Does your system freeze after leaving your browser open for a while?
Does your browser freeze for no reason?
Does your browser freeze when you play audio or video?
Does your system slow down with just a few tabs open?

The list of symptoms is just too long to make a single headline, even though the fix is simple enough. I’ll show you…

Dealing With Google Chrome Crashes:

So, if you have any of those symptoms listed above, the solution is pretty easy.

I’d go so far as to say that if you’re experiencing problems while you have an instance of Chrome, Chromium, Bing, etc, installed, then the first step I’d take in debugging would be the one that follows.

The answer is simply to disable hardware acceleration. 

Open the offending browser and then it’s under Settings > Advanced > System and it looks like this:

solve the google chrome problem easily
Yup. Just un-tick that bugger and reboot. It’s that simple.

Restart your browser so that the changes take effect.

That’s usually what fixes this. That’s it. That’s all you need to do.

This fixes so many weird problems that it’s worth trying if you’re experiencing weirdness while you have a Chromium-based browser running. If it doesn’t resolve your problem, you’ve not spent a bunch of time on this fix. It’s also trivial to reverse if you want that for some reason.

Closure:

There you go, it’s another article. This time, it’s about Google Chrome (or based on Chromium) based browsers – which, in the Linux world, means said browser is likely Chrome and Chromium, according to the stats I see. Also, this article didn’t even require opening a terminal

Thanks for reading! If you want to help, or if the site has helped you, you can donate, register to help, write an article, or buy inexpensive hosting to start your site. If you scroll down, you can sign up for the newsletter, vote for the article, and comment.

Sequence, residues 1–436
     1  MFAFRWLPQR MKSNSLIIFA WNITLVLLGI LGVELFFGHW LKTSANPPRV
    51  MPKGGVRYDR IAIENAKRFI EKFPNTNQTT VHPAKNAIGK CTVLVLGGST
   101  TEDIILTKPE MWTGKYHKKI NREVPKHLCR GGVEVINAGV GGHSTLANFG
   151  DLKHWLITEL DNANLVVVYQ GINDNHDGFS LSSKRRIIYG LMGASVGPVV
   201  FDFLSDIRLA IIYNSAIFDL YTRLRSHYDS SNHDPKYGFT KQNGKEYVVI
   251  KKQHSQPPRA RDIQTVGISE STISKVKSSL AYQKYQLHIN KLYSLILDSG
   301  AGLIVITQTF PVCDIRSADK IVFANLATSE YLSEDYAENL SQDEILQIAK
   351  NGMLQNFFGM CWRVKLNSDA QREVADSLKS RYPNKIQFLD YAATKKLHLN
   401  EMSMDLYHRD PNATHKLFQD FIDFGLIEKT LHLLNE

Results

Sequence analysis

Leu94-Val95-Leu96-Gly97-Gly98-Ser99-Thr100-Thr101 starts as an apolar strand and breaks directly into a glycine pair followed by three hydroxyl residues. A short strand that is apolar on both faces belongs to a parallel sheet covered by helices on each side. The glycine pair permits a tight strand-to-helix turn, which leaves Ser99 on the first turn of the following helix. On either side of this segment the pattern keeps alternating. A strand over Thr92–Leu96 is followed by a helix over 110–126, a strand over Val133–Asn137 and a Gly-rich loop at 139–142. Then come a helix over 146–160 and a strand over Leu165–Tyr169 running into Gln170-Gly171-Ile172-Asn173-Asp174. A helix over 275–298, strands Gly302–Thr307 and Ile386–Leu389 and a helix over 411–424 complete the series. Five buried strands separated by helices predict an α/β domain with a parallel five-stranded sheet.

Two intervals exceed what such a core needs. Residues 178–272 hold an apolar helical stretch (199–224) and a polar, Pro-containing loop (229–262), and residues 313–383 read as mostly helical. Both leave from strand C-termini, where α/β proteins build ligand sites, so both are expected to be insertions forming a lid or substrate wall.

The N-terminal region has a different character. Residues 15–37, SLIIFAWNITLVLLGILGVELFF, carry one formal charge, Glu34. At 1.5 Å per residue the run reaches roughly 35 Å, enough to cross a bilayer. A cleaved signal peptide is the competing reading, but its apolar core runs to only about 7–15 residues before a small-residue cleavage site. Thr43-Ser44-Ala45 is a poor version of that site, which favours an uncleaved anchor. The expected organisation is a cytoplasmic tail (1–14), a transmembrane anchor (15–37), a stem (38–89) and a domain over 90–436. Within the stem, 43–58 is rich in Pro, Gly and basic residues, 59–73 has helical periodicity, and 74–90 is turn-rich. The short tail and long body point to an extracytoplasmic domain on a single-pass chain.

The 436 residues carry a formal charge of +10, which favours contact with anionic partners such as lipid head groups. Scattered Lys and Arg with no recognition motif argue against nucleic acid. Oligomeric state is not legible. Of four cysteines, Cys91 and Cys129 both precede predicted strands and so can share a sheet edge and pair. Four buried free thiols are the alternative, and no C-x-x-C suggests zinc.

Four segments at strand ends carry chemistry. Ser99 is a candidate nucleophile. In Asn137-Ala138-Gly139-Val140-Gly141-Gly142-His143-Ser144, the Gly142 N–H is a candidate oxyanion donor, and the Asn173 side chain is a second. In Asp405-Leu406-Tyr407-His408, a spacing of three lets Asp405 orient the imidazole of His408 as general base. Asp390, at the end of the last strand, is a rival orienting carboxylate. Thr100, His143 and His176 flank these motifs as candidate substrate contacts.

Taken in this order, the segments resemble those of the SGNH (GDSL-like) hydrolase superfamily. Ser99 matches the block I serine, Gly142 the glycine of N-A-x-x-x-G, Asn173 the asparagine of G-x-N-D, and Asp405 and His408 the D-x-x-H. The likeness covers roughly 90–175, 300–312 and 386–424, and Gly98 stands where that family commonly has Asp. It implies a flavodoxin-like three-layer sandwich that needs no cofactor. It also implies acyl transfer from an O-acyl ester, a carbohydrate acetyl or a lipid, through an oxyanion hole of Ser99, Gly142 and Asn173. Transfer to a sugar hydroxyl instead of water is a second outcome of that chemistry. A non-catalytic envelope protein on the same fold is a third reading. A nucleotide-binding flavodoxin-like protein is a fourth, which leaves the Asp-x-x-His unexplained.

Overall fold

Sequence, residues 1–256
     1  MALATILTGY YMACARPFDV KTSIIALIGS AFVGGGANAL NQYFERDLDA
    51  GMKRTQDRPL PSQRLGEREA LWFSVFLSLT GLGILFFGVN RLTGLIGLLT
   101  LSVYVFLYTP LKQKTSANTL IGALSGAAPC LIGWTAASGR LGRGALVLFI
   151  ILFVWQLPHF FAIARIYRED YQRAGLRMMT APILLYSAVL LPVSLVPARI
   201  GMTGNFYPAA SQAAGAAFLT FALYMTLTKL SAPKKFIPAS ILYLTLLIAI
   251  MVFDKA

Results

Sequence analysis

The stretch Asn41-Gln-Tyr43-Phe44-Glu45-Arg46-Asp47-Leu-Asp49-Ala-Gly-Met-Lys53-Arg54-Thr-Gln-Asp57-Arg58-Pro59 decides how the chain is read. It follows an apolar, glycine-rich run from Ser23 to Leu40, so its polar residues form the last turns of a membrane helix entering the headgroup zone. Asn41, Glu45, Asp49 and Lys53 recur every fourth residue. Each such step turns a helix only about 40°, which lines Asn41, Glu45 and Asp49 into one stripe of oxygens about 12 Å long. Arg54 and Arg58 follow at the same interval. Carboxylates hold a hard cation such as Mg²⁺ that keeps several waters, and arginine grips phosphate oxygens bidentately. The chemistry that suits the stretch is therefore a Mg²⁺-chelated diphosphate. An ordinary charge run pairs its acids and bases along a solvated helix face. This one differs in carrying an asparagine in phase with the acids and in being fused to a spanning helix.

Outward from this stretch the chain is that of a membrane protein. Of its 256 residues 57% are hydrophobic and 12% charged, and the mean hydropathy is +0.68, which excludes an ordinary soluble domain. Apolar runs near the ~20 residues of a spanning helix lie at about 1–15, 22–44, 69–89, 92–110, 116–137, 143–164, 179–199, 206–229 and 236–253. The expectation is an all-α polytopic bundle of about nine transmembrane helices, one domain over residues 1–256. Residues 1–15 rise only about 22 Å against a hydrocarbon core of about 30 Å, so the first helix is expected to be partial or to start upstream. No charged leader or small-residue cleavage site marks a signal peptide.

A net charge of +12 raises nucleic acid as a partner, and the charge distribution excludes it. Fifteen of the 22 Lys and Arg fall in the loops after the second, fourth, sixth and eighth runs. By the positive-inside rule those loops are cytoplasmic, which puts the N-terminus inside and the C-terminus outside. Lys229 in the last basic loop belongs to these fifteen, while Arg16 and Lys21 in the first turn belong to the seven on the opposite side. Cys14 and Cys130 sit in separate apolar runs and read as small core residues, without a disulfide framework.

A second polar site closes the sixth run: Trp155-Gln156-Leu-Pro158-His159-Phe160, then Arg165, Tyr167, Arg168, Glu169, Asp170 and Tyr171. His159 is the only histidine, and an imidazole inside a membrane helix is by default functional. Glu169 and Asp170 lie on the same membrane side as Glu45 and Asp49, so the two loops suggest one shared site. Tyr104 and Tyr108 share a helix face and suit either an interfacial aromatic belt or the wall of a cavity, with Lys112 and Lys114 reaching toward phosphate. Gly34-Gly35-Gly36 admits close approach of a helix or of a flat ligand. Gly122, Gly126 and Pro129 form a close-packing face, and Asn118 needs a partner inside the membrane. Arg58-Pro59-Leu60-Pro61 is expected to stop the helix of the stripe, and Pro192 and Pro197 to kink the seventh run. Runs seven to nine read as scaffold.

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Install The Snap Version of Chromium

Today’s article will teach you how to install the Snap version of Chromium – the opensource browser from Google. It’s akin to Chrome, but without all the proprietary bits and bobs. This isn’t a difficult article to follow, but may have some information that was easy to miss along the way.

Chromium is also the source for many other browsers, from Brave to Opera, they’re all Chromium underneath – including the Edge browser from Microsoft.

You’ll find things like syncing your passwords and history isn’t really possible with Chromium’s default configuration. Those bits are proprietary, and Google doesn’t want third parties using their resources, so those bits have been disabled for some time now.

However, it’s still very much a usable browser – and I’d know that sorta thing. After all, I’ve made it pretty clear that I’ll try any browser at least once! I’m often checking out the browser market and trying new browsers. With that, I can say that Chromium is generally easy to work with, has the features I use, has great support, and has a ton of available extensions.

Snap Version?

Snap? Yes, this article is about installing the Snap version of Chromium. I actually wrote an article about how to install the non-Snap version. (It was a horrible article written while I was very ill – I need to go back and edit it.)

Snaps are Ubuntu’s (will work on most every distro, with a little effort) ‘new’ package management system. It’s meant to be easier for both you and the developer, as the developer needs to only package one version. As for it being easier for you, it’s meant to avoid needing dependencies and does things like run in a secure container. It has some differences to, and some similarities with, both AppImages and Flatpaks

Snaps are happening. If you don’t like them, you’re going to have to put some effort into not using them – if you want to use Ubuntu and official Ubuntu flavors. Mint is an exception – currently. We’ll see how long they hold out and which side of history they end up on. Still, if you want to use Ubuntu, you might as well adjust and start using Snaps.